Wednesday, February 22, 2006

Commercial Real Estate Bubble?

Today, I had to investigate why my Blog was receiving more hits than usual. After examining the issue, I quickly came to the realization that my site was mentioned in a BusinessWeek blurb concerning Real Estate, and people were curiously checking in.

Anyway, a hearty “thank you” to BusinessWeek for the plug, but I must admit that my feelings go against the general thoughts/comments in the article linking to me—“No Commercial Real Estate Bubble.”

Those who have taken the time to read my Blog will quickly understand that my philosophy takes into account numerous factors, and I feel the U.S. housing bubble is only the latest (albeit huge) symptom of much larger fundamental economic imbalances that will soon start to correct.

My belief is: Our U.S. Housing Bubble is the direct result of massive Fed liquidity, several years of ultra-low interest rates, relaxed lending standards, high use of non-conventional mortgages, general economic euphoria and irrational exuberance on the part of realtors, loan agents, speculators, new homeowners and the general public.

I also feel it was part of Alan Greenspan’s “Master Plan” to create a new asset bubble in an effort to help the U.S. get out of a recessionary period (post stock market crash and 9/11). In his endeavor to stimulate the economy, Mr. Greenspan swiftly opened the money spigots, and dropped interest rates to a 40-year low. Alan then blew more oxygen into the bubble by recommending the use of adjustable & non-conventional mortgages…the bubble grew.

Ultimately his plan worked, as housing prices rose, consumers spent like crazy (using their homes as ATM’s), construction permits soared, U.S. GDP grew, the Stock market re-inflated, and here we are today… dumb, fat, happy and completely oblivious to the huge economic problems at our doorstep.

If we take a casual look at our country’s economic situation today, everything looks real good on the surface, but strip back a couple of layers and things get real ugly, real quick:

- Our trade deficit is at an all time high—again! ($726B)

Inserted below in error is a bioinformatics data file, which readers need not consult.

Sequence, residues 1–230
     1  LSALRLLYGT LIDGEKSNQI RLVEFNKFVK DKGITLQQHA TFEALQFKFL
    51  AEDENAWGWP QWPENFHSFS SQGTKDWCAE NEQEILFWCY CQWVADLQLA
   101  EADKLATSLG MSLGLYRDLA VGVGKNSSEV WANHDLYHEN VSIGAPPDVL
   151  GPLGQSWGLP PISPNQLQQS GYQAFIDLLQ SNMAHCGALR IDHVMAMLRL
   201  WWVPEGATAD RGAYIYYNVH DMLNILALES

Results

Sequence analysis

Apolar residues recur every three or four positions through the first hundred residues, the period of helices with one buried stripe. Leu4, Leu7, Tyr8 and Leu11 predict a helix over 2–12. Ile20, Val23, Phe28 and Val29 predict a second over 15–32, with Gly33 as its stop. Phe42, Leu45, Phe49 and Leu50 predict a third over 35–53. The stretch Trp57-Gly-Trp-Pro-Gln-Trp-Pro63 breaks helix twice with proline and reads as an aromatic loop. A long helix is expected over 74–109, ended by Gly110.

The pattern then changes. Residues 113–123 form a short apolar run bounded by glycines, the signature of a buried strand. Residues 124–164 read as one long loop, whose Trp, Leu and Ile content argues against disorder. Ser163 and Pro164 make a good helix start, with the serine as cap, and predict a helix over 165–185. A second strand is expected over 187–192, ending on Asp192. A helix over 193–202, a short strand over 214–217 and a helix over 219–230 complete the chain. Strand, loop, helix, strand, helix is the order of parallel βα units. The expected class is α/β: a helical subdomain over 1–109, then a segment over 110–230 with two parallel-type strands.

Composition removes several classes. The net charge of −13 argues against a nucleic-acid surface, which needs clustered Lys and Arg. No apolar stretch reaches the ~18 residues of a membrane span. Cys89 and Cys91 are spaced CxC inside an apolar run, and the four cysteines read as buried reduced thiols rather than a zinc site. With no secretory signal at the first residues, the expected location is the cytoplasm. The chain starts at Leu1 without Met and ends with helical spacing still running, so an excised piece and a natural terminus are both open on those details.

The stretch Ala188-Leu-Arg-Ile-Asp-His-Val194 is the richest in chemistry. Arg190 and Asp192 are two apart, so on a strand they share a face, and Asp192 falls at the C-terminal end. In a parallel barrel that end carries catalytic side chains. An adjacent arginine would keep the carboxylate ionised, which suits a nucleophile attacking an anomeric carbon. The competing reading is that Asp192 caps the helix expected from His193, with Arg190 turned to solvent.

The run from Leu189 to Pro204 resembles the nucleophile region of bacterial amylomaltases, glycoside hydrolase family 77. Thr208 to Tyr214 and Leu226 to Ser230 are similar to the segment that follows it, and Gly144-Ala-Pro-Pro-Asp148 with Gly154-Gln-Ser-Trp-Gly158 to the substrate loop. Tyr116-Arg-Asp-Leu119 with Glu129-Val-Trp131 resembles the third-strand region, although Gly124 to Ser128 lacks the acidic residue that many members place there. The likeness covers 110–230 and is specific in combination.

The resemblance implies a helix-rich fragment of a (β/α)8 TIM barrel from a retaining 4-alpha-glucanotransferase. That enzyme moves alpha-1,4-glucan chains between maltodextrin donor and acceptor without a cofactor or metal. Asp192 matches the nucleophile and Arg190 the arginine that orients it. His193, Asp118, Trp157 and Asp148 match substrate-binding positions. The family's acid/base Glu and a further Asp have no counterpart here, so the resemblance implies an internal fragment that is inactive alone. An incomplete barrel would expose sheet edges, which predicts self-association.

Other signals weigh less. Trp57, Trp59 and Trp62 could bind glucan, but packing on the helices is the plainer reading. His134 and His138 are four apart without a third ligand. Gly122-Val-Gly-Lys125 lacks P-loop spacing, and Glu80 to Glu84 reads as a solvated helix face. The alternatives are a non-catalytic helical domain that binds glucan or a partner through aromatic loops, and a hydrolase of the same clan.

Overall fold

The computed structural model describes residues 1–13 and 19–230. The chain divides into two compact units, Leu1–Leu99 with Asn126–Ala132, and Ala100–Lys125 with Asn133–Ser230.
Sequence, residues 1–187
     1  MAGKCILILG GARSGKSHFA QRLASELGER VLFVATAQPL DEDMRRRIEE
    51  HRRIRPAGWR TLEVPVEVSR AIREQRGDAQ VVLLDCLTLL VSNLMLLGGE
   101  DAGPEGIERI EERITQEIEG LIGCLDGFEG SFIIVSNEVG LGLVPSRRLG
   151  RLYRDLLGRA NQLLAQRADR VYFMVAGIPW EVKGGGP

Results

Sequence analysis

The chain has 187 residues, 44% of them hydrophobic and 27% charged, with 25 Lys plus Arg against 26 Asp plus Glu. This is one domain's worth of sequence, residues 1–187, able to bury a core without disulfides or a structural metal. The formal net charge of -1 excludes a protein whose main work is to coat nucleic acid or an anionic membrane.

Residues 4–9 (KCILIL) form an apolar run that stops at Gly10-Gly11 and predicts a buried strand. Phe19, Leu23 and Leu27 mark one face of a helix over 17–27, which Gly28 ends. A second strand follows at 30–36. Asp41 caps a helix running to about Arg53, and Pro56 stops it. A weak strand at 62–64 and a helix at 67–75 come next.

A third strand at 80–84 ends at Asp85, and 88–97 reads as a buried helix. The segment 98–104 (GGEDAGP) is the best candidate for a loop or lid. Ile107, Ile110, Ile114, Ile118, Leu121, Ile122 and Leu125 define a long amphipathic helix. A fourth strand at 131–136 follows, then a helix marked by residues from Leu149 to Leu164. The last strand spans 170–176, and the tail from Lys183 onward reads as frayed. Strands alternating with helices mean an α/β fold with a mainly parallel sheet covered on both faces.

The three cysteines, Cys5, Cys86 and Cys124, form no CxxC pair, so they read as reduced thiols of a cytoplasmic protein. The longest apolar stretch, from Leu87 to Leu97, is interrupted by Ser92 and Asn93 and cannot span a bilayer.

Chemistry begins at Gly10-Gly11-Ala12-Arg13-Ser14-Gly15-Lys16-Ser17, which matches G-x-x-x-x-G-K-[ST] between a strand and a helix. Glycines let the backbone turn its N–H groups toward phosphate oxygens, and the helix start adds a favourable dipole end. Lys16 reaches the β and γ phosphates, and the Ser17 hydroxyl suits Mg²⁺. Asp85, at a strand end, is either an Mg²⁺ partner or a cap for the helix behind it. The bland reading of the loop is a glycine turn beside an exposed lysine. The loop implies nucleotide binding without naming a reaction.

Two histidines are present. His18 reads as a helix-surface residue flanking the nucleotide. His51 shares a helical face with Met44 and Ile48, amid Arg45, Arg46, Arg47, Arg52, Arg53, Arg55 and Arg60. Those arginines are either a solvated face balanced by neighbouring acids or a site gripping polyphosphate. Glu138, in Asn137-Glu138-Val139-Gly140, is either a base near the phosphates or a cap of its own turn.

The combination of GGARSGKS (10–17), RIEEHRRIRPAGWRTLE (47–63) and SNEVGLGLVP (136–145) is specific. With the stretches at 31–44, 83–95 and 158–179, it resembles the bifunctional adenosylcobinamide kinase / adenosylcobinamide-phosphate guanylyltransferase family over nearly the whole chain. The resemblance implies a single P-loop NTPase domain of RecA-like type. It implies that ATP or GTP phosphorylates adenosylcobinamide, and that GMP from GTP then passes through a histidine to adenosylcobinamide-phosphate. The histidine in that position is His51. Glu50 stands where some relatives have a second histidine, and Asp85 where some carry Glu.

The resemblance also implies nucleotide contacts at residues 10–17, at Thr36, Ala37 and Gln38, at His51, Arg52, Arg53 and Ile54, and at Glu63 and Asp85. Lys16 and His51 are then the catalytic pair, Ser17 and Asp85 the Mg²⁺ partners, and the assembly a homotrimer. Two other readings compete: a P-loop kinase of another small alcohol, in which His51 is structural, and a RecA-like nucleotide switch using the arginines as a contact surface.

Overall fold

- Cumulative government debt is soaring ($8.25T)
- We have exceeded our congressionally authorized debt ceiling ($8.184T)
- Massive fed liquidity; M3 is greater than $10 Trillion dollars
- Foreign Central Banks own ~ $3 Trillion U.S. Debt
- Foreigners could dump their dollars/wreck our economy at will
- We Americans consume ~ 80% of world’s savings to maintain our lifestyle
- U.S. has massively outsourced blue/white collar jobs--continues to do so
- Consumer spending/housing were responsible for 90% of growth in GDP
- U.S. savings rates are negative--not seen since the great depression
- New day of increasing interest rates—possibly higher than predicted
- Lending practices will soon start to tighten up as risks increase
- Inflation is rising—probably much higher than gvt’s manipulated figures
- Housing market cooling--taking away consumer wealth effect/housing ATM
- Interest rates will reset on > $1 Trillion in mortgages in next 18 months
- Inverted Yield curve (possible recession on the horizon?)
- GM, FORD, DELPHI, US Airlines and many others are struggling
- Oil is currently a major issue (world supply/demand and higher prices)
- Numerous issues w/ IRAN, Venezuela and Nigeria
- Oil could rise to > $100 barrel this year and clobber the world economy

Bottom Line: Far too many negative issues at play here. Our United States is quickly turning into a service based, consumer nation and we, as Americans, are currently living far beyond our means. I honestly (yet regretfully) believe that we will be in a recession by this time next year (Feb 07), and by that time, it will become quite apparent that we have both a housing bubble and a commercial real estate bubble.

Let’s all hope we can get through this next recession intact... It'll be a monster this time!

Regards... Randy

Note: I've previously discussed many of these issues here--if you like to read more


Out at the peak said...

Amazing how anyone can be in denial of our multiple problems. Congrats on the plug none the less.

MMAfia said...

Amazes me how the general public just doesn't care about these problems. I wish we could force everyone to sit and watch a concise 30 minute video that explains what is really going on.

Best part: >$1 Trillion ARMs will re-adjust by 2007.

I honestly believe that will be the trigger that starts the domino fall.